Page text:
No institutional change, no public policy, is guaranteed success beforehand. But there is something of a guarantee of failure. The lousy distribution of income that impoverishes most Chileans – particularly middle-income ones – has corroded the political system and fuels citizen unrest, hardly improves unless the pillars on which it sits are not fully remeated. Those who, established in the 1980s – more than thirty years ago – through a series of reforms covered by repression, censorship and terror, have built a country in which, beyond their advances, education and ignorance, work and rest, care and respect, health and disease, and even going to jail or receiving ethics courses , depend – to an unacceptable extent for a democracy – on the amount of zeros one has in its bank account.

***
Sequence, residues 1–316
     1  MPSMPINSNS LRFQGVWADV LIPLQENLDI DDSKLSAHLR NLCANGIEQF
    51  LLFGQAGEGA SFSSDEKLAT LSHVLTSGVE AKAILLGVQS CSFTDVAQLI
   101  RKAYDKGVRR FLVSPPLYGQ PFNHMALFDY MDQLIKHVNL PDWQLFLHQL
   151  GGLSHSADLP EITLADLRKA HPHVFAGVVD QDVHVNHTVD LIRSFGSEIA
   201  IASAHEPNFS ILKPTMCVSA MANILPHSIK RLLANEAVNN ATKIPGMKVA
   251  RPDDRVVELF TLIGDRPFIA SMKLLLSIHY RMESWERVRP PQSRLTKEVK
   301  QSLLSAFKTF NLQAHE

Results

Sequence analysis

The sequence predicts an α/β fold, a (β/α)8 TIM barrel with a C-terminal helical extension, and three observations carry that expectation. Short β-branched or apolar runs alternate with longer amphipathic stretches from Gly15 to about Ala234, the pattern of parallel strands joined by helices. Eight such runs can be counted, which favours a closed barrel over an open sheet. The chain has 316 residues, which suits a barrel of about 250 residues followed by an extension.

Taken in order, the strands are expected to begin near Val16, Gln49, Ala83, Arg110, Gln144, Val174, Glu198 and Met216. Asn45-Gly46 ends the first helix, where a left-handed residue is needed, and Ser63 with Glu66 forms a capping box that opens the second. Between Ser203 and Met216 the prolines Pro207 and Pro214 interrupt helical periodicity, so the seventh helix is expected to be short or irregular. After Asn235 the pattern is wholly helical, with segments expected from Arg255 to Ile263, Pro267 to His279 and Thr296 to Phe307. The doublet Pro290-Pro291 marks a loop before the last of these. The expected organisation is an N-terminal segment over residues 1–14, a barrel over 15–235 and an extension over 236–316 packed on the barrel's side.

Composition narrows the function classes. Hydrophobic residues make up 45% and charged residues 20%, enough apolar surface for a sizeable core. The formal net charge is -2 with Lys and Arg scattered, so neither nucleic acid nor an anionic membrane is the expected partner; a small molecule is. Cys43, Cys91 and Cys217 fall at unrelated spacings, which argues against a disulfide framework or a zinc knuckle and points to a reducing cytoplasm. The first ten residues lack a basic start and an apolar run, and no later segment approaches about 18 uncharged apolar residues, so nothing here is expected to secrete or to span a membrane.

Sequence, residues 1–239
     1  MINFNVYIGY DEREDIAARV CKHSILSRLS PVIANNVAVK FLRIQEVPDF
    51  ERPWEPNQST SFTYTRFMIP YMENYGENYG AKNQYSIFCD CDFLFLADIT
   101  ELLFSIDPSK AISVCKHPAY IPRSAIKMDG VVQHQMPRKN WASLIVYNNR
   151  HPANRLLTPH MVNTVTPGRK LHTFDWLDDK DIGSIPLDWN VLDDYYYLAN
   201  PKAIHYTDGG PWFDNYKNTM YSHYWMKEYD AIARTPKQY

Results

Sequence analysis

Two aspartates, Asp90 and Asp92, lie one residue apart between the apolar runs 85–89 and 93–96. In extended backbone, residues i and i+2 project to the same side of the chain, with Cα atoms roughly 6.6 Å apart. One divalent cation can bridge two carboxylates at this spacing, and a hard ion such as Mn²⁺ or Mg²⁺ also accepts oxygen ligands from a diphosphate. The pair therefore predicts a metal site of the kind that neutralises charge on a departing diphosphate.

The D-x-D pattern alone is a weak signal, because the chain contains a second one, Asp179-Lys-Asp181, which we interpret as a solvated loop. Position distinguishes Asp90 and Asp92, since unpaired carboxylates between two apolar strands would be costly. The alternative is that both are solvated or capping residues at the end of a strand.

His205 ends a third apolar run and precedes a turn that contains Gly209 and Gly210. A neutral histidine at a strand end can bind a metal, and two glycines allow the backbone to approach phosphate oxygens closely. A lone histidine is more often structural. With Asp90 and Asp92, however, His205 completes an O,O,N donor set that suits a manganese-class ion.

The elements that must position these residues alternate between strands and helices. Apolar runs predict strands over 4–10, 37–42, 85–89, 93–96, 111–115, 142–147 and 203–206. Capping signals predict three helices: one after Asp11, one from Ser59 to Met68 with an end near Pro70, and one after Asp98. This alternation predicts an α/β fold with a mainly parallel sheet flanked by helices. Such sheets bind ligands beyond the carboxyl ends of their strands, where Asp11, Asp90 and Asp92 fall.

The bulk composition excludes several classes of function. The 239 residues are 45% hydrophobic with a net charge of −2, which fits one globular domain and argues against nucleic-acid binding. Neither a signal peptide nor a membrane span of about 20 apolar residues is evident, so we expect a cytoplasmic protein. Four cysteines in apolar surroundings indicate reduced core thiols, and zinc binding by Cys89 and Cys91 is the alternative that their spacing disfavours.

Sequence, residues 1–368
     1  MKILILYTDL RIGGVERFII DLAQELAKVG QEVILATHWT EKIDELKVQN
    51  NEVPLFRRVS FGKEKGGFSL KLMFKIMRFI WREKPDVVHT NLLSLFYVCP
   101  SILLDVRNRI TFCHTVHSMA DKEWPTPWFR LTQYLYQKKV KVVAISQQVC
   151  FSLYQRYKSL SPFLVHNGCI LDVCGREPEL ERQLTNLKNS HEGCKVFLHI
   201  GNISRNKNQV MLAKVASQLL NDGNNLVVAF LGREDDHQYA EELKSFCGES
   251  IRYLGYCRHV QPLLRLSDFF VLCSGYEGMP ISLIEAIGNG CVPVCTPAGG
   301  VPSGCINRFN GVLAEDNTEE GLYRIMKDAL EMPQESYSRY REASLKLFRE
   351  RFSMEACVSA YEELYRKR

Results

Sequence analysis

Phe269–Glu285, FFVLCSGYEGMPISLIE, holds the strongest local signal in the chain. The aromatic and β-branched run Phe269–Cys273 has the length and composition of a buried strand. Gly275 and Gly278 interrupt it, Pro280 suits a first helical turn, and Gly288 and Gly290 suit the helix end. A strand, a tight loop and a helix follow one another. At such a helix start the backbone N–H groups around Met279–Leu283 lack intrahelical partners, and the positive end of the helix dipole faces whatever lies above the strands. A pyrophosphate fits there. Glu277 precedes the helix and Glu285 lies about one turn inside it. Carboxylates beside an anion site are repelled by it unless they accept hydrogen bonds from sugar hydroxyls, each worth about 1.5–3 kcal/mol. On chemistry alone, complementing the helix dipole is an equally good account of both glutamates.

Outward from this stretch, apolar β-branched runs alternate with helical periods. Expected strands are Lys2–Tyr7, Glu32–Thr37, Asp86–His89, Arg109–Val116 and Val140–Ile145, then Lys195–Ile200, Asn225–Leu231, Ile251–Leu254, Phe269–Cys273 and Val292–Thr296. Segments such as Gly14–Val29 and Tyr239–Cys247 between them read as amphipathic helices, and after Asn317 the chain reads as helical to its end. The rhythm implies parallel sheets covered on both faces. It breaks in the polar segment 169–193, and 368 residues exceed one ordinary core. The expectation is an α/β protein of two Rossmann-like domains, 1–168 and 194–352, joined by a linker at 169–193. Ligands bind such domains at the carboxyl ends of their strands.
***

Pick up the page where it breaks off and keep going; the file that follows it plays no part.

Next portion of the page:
Original source in Spanish